But my relentless drive and desire to please everyone nearly proved to be my undoing.
The paramedics fitted me with an oxygen mask, strapped me into a stretcher, carted me down the stairs of my home that November day, and rushed me by ambulance to the hospital.
I still harbored thoughts of returning to work that afternoon.
In retrospect, the absurdity of my intention to return to work in the midst of a medical crisis was proof-positive of my distorted sense of priorities.
My dad and sister had flown in from New York to join my wife and friends at the hospital. My condition had not been stabilized despite the intravenous infusions of lidocaine and amioderone, a powerful heart relaxant.
My dad sat across from me in the intensive cardiac care unit as a drum roll reached a crescendo inside my chest. I felt strange, prescient of an impending event. We were alone. The wheeze of the oxygen tanks and the electronic hum of the heart monitor were the only sounds. "Dad," I said through my oxygen mask, "if anything happens to me, please see to it that the kids are okay."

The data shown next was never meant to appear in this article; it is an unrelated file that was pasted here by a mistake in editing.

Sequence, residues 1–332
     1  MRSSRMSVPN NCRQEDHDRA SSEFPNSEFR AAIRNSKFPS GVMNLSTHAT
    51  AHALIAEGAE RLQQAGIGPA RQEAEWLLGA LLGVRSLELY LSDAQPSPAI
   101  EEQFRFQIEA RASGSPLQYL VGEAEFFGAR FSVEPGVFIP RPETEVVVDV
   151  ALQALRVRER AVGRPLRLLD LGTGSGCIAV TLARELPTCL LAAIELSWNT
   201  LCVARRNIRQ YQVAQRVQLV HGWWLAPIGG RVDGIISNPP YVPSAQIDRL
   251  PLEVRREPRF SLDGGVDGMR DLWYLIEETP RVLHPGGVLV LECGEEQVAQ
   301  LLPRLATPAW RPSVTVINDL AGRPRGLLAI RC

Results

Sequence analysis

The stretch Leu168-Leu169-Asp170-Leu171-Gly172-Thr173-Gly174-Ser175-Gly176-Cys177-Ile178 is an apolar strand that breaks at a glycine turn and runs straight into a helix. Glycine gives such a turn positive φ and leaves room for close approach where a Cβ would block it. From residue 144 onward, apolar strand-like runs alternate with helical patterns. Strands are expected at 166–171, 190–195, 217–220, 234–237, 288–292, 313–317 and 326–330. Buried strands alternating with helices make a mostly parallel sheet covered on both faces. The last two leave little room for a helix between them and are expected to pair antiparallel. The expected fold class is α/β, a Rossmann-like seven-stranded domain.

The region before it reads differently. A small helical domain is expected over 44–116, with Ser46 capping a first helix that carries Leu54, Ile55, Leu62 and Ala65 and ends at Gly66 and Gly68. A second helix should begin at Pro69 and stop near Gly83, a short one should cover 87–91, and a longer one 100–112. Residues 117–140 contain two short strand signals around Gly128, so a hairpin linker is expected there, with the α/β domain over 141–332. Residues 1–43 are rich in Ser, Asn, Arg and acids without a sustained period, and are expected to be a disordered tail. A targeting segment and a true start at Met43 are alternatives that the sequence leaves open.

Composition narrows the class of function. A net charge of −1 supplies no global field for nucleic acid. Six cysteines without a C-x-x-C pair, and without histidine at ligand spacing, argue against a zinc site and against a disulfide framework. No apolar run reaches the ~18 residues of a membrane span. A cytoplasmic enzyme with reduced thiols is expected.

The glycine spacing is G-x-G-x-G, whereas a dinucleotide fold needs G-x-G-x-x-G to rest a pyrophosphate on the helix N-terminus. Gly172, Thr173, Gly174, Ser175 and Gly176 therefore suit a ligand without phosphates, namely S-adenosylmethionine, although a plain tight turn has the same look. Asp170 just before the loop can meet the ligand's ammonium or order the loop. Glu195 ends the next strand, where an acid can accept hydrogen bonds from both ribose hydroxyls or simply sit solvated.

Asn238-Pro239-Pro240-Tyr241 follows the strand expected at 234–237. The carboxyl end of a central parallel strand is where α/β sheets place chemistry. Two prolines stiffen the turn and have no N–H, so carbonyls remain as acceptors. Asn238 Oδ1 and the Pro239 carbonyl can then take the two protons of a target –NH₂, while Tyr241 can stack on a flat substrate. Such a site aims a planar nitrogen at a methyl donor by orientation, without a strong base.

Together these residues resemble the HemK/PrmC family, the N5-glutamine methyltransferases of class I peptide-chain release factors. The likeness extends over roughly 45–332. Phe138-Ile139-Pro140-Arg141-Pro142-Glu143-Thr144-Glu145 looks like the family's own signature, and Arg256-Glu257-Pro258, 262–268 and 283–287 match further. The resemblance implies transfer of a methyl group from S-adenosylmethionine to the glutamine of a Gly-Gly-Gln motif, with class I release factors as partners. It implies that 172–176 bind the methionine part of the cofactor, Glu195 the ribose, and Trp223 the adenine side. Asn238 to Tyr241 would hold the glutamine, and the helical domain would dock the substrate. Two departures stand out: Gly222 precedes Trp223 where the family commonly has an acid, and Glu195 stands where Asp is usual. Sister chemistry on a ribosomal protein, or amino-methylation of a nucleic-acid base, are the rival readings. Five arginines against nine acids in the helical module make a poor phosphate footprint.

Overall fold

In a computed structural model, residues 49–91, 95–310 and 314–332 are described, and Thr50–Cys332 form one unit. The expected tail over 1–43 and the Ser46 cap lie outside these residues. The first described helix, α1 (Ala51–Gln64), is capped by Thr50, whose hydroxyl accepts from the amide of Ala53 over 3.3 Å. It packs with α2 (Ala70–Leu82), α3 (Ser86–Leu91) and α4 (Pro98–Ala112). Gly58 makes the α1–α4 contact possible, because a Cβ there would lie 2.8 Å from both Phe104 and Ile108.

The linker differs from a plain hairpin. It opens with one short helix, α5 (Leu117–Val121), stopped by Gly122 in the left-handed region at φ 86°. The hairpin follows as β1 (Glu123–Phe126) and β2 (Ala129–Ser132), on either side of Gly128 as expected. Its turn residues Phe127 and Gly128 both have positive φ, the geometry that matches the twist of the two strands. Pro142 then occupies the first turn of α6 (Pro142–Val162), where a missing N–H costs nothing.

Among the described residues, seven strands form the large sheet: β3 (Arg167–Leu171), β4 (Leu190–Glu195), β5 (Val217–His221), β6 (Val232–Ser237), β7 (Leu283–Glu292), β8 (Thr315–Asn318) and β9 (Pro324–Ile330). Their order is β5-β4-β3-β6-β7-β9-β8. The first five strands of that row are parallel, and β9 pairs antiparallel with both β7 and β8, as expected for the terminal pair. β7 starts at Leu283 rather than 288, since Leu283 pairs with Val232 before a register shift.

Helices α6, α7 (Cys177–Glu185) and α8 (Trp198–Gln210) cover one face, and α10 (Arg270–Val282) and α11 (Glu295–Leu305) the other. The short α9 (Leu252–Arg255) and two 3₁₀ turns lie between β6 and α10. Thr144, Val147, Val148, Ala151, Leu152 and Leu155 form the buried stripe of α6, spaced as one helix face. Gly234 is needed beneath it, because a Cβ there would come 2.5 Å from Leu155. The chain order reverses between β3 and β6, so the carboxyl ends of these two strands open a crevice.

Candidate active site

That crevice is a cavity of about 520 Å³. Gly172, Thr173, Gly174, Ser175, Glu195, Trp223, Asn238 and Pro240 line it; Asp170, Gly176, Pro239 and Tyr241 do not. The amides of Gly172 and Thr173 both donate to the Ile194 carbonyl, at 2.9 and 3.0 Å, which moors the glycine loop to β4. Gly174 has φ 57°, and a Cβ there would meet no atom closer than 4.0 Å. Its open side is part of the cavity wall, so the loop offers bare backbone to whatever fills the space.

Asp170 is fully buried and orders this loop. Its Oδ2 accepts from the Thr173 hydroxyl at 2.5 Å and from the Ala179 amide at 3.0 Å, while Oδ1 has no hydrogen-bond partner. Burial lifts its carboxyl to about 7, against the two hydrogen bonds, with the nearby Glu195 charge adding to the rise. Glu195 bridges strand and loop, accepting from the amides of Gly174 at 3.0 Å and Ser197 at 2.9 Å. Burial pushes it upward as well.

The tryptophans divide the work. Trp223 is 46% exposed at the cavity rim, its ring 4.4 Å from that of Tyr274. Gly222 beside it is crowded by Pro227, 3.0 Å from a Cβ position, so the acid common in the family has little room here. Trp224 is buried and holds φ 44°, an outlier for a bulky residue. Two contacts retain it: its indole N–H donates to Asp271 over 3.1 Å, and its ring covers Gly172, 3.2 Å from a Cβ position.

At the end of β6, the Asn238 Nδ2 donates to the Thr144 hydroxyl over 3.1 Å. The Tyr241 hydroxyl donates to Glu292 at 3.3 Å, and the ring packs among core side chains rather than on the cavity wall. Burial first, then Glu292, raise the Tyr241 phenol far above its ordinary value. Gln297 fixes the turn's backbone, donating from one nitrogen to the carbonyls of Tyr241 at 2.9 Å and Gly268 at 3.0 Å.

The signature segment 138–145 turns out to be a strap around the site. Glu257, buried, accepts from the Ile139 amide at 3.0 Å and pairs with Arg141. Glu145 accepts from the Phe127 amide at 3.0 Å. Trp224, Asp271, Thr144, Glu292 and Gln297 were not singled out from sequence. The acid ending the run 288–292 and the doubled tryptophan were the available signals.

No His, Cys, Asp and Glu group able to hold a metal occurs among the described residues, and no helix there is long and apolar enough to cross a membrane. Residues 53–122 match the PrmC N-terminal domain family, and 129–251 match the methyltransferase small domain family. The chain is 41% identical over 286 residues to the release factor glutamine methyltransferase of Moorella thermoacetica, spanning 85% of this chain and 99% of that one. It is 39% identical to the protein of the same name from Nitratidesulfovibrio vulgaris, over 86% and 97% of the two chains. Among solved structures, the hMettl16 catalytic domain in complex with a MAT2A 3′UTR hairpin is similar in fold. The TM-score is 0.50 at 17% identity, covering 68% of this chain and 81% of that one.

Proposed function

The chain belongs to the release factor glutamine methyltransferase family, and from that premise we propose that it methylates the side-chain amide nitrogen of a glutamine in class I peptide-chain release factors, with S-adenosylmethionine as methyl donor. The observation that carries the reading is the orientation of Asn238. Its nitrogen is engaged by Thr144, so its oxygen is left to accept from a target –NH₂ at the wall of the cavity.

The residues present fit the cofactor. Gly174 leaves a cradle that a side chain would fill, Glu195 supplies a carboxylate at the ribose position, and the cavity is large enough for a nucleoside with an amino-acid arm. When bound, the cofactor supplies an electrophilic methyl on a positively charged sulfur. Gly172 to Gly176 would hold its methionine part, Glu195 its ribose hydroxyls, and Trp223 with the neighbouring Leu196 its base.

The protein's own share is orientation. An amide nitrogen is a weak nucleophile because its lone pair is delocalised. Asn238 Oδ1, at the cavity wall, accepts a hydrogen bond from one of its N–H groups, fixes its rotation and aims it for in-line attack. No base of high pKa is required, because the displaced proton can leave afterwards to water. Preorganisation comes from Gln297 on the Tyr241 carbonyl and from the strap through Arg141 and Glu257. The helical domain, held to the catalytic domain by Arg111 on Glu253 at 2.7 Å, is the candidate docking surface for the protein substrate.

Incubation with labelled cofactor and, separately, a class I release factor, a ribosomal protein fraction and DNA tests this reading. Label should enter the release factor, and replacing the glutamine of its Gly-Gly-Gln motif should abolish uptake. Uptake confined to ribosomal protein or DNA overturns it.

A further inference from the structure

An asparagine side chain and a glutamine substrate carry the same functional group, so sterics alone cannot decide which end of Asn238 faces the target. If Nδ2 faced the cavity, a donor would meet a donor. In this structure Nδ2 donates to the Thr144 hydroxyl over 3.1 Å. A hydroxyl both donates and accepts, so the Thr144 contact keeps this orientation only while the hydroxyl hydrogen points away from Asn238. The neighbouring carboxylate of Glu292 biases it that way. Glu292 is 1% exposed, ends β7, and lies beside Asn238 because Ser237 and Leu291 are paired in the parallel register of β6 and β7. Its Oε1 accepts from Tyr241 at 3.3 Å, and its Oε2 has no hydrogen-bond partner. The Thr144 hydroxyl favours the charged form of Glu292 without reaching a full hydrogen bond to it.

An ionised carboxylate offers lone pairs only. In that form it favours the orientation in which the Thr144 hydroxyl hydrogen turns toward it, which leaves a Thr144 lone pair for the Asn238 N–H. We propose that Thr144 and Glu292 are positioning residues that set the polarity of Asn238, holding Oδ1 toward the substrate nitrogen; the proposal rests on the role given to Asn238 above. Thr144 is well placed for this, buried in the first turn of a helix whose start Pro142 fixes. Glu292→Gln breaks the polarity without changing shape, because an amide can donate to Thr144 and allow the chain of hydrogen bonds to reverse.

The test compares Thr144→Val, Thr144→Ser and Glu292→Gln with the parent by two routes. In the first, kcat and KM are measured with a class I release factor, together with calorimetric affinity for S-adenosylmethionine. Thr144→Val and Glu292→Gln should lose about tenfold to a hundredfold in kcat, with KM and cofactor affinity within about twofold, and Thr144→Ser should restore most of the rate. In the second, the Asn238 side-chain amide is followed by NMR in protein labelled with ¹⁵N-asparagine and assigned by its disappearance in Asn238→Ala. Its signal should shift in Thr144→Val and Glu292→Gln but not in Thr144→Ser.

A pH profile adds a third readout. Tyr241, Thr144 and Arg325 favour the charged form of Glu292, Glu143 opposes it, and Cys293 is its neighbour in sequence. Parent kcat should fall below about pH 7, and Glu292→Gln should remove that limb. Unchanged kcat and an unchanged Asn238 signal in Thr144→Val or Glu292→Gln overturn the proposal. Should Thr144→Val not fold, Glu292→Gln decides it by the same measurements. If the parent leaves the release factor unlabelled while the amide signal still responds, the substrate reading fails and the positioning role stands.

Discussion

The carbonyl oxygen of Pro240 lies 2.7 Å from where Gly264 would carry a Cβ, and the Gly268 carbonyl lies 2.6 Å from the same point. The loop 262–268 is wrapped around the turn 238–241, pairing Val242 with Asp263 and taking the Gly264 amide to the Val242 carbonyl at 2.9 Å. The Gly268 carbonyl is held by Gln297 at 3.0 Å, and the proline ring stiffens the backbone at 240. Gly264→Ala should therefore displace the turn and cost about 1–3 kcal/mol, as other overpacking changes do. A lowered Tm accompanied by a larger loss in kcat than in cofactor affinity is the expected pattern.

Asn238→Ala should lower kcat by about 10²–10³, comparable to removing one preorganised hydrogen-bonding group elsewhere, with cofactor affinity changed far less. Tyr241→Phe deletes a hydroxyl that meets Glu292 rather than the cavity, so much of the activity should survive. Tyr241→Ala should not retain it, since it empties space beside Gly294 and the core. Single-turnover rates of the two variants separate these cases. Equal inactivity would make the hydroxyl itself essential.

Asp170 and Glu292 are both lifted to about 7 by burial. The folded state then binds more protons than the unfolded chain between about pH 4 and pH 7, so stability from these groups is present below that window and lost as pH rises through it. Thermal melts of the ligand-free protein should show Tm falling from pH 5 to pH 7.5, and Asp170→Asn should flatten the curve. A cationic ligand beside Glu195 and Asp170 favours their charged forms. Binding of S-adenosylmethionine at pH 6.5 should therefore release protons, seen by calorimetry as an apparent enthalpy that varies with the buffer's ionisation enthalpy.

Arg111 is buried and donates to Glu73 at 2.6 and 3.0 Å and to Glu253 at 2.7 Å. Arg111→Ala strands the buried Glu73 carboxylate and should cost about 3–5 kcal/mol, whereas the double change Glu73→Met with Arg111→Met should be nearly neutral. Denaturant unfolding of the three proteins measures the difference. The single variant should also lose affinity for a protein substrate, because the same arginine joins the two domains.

I sat up to reassure my dad and in mid-sentence a lightning bolt hit me square between the eyes. I was flat-lined.
The gravity of those spontaneous words surprised me. This was my first expression of doubt; ironically my first connection with my true feelings and almost tragically my first connection with my soul. My dad, without hesitation, replied, "Don't be silly, you will be okay." We both began to cry.
I sat up to reassure him, and in mid-sentence a lightning bolt hit me square between the eyes. Blinding, dazzling whiteness and warm silence engulfed me. The next several minutes I was flat-lined. No pulse, no sounds, no sights. Just an enveloping, intensive, pervasive holy calm.
I awoke to a masked gaggle of doctors and nurses. To my right, holding my hand, was a gentle elderly woman. I looked at her and my first words were, "Hello, who are you?" She said she was the chaplain and was summoned to stand vigil. I smiled, thanked her and told her that I would not be needing her services, and besides that, I was Jewish.